• Matt

Matt's op-ed in Dagens Nyheter (in English)

My perspective on kompetensutvisning limited to that of an outsider, or ‘arbetskraftsinvandrar.’ Although I completed my Master’s on a Swedish scholarship here, have worked and paid taxes for 9 years, and voted in the local elections in 2018 – I’m not a Swedish citizen.

My perspective on kompetensutvisning limited to that of an outsider, or ‘arbetskraftsinvandrar.’ Although I completed my Master’s on a Swedish scholarship here, have worked and paid taxes for 9 years, and voted in the local elections in 2018 – I’m not a Swedish citizen. Like many foreign talent still in Sweden who survived kompetensutvisning, I don’t even have permanent residency. However, as an American maybe I have a unique perspective? I am a citizen of a country where Swedes have migrated for centuries. When I discuss this issue with Swedes with experience in the US one common reply is: “Yeah, but your country is no better with visas.” They may be right.

But in the US, President Trump has advocated for restrictive migration openly to say the least, including kompetensutvisning. In 2016, the ‘Buy American / Hire American’ Executive Order' was released to increase the scrutinization of visas for foreign, skilled professions, clampdown on outsourcing companies, and prevent wage dumping. It was announced at a factory in Wisconsin, where the President won the traditionally ‘blue’ with a narrow margin. The order received tacit support from labor unions. Over the next 2 years, extension denial rates for the skilled-labor, H1B visa more than tripled. In April, another Proclamation was released: ‘Suspending Entry of Aliens Who Present a Risk to the U.S. Labor Market Following the Coronavirus Outbreak,’ freezing new green cards and skilled labor visas until the end of the year. This has brought significant critique from IT companies like Amazon, Google, Facebook, along with civil liberties NGOs alike. The companies need the labor, and advocacy groups questions its legality. This month, proposed changes demanding foreign students leave the US if their courses were online were successfully fought back by universities like Harvard and MIT, at least for now.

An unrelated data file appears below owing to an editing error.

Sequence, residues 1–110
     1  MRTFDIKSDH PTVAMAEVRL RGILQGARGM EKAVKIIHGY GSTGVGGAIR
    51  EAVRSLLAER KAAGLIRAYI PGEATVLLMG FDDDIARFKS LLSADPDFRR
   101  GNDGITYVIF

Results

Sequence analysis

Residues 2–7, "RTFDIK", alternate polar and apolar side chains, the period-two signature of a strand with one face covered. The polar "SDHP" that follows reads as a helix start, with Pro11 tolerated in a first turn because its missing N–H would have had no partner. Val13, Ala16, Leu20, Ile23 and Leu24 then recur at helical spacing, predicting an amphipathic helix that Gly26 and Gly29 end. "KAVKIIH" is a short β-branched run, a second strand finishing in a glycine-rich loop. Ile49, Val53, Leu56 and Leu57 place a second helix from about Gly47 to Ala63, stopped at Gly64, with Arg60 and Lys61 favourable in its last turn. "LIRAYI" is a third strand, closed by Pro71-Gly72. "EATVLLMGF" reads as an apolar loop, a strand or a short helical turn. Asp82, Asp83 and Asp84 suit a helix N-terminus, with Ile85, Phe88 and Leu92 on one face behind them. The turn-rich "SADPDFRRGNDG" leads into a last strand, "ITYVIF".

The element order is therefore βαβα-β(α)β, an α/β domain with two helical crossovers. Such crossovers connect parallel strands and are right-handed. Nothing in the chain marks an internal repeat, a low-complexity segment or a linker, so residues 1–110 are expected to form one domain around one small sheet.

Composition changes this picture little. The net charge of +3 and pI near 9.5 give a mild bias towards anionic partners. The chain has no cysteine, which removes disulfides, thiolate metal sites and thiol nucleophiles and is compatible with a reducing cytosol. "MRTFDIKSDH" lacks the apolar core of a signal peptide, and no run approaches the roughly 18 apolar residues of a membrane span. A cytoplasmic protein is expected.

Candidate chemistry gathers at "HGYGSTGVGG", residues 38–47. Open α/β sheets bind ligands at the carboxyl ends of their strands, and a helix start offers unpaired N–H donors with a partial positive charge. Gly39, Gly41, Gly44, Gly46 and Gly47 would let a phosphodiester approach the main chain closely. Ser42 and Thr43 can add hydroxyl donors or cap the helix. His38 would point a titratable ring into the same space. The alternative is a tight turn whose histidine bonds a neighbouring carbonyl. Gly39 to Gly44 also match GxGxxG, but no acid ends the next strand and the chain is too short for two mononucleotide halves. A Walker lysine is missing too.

Meanwhile in Sweden kompetensutvisning continues to drag on as part of the greater debate on the 2008 ‘demand’ model migration reform. Specifically, this abolished the labor market-testing requirement, and greatly diminished the role of labor unions in the visa process. Unlike the US, Sweden would have one work permit for high and low-skilled labor along with universal access to welfare. This meant that anyone who comes from outside the EU to work, whether as a dishwasher or a rocket scientist would be on the same visa. As an American this seemed a bit extreme. Sweden may be one of the least religious countries in the world, but we foreigners learn quickly that labor law, welfare, semester, fika, are ‘holy’ here. During this reform, and perhaps without even knowing it, Migrationsverket replaced unions as the ‘gatekeeper’ to the Swedish labor market. They would now be responsible for monitoring that ‘kollektivatal or better’ was adhered to. As in all countries, some ‘non-serious employers’ in mostly low-skilled industries abused this system to get immigrants to simply do the a job for cheaper, or worse. To counter such abuse, extreme changes were introduced. Unlike in the US, these were not very publicly announced, but rather silently implemented through state institutions. Regardless, in 2017 official figures show that the denial rate of work permit extensions more than doubled in Sweden. New rulings for a ‘helhetsbedomning,’ a very common term in Swedish law helped, but the deportations continued.

I learned Swedish by following this issue in the press, and noticed a pattern. A (skilled) worker was deported, the Borgerlig parties attack, the Social Democrats defer to kollektivavtal, the 2008 law or like labor unions - say nothing. A Swedish ledarskribent then writes a piece about the story with a theoretical argument, while holding up a political boundary.